The trial court applied a $1,005,000 credit for Brainard's settlement and PIP benefits, and signed a judgment against Trinity for the remaining $5,000 in damages plus $100,000 in attorney's fees. On appeal, Trinity challenged the attorney's fees award, and Brainard, by cross appeal, alleged the trial court erred in refusing to award prejudgment interest on the $1,010,000 in actual damages. The court of appeals reversed that portion of the trial court's judgment awarding attorney's fees and affirmed the denial of prejudgment interest. 153 S.W.3d 508, 513. Because both points have engendered disagreement among the courts of appeals, we granted Brainard's petition for review. 48 Tex. Sup.Ct. J. 439 (Mar. 11, 2005).

II Recovery of Prejudgment Interest

The Insurance Code requires insurers to offer Texas motorists UIM coverage and mandates that such coverage:

provide for payment to the insured of all sums which he shall be legally entitled to recover as damages from owners or operators of underinsured motor vehicles because of bodily injury or property damage in an amount up to the limit specified in the policy, reduced by the amount recovered or recoverable from the insurer of the underinsured motor vehicle.

TEX. INS.CODE art. 5.06-1(5). A motorist is underinsured if his or her liability insurance is insufficient to pay for the injured party's actual damages. Stracener v. United Servs. Auto. Ass'n, 777 S.W.2d 378, 380 (Tex.1989). Because the jury valued Brainard's damages at $1,010,000, and Premier's liability policy limit was $1,000,000, Premier was underinsured. The trial court correctly applied the sum of Premier's $1,000,000 liability limit and Brainard's $5,000 PIP recovery as an offset to actual damages. Mid-Century Ins. Co. of Tex. v. Kidd, 997 S.W.2d 265, 271 (Tex.1999); Stracener, 777 S.W.2d at 380. Thus, Trinity does not dispute that the $5,000 difference is covered under Brainard's UIM policy. The issue is whether, in addition to this amount, UIM insurance covers prejudgment interest that Premier would owe on the $1,010,000 in actual damages. We conclude that it does.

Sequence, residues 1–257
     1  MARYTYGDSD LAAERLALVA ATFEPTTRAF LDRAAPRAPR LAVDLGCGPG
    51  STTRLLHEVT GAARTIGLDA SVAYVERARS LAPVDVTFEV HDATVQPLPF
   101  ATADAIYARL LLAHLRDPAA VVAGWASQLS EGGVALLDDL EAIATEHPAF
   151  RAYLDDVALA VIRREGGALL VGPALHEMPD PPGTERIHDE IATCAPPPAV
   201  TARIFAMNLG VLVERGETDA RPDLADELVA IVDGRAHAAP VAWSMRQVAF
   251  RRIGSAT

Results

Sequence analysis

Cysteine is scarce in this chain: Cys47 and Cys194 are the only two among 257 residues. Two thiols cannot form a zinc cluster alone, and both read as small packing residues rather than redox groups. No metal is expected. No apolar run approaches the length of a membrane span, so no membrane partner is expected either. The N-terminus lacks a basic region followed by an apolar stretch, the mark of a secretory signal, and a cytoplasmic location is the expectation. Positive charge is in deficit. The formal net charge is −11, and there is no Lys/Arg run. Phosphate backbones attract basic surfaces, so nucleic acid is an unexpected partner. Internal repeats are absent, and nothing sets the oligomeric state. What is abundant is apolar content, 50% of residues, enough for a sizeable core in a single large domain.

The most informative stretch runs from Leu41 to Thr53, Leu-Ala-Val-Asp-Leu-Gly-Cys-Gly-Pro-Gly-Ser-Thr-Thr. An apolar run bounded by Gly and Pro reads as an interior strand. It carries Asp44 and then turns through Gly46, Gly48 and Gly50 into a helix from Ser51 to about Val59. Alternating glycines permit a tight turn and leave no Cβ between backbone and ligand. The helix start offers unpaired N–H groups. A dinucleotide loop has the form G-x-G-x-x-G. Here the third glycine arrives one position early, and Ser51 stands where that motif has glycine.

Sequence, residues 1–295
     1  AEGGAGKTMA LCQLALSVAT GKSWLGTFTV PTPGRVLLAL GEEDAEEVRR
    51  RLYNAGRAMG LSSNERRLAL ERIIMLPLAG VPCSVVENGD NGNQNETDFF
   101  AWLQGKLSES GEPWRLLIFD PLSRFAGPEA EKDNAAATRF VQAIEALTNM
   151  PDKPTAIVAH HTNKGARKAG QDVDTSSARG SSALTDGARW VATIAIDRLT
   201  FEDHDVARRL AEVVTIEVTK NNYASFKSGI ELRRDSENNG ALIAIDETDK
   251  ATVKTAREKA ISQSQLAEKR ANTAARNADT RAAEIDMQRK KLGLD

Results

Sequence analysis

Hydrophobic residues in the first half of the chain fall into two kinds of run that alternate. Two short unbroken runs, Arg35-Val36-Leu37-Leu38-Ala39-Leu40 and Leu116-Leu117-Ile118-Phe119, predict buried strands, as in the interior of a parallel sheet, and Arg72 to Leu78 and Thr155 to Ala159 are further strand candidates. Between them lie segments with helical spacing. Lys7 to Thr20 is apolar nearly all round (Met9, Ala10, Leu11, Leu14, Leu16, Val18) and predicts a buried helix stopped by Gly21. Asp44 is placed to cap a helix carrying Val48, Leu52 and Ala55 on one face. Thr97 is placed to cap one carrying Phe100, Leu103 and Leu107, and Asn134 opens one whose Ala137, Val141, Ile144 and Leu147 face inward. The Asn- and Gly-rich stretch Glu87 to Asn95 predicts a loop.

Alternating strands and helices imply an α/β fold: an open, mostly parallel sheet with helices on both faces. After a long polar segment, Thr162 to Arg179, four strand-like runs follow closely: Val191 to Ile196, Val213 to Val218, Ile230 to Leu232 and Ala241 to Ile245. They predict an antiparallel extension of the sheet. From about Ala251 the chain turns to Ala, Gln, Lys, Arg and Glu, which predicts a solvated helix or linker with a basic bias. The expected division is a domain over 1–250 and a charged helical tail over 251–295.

Prejudgment interest is awarded to fully compensate the injured party, not to punish the defendant. Cavnar v. Quality Control Parking, Inc., 696 S.W.2d 549, 552 (Tex.1985), superseded in part by statute, Act of June 3, 1987, 70th Leg., 1st C. S., ch. 3, § 1, 1987 Tex. Gen. Laws 51, 51-52, as recognized in Johnson & Higgins of Tex., Inc. v. Kenneco Energy, Inc., 962 S.W.2d 507 (Tex.1998) and C & H Nationwide, Inc. v. Thompson, 903 S.W.2d 315, 327 (Tex.1994). It is "`compensation allowed by law as additional damages for lost use of the money due as damages during the lapse of time between the accrual of the claim and the date of judgment.'" Johnson & Higgins, 962 S.W.2d at 528 (quoting Cavnar, 696 S.W.2d at 552). By statute, "[a] judgment in a wrongful death, personal injury, or property damage case earns prejudgment interest." TEX. FIN.CODE § 304.102. Thus, if Brainard obtained a judgment against Premier for past damages resulting from the collision, Premier would be liable for prejudgment interest. Whether Brainard may recover this interest from Trinity is governed by their UIM insurance contract.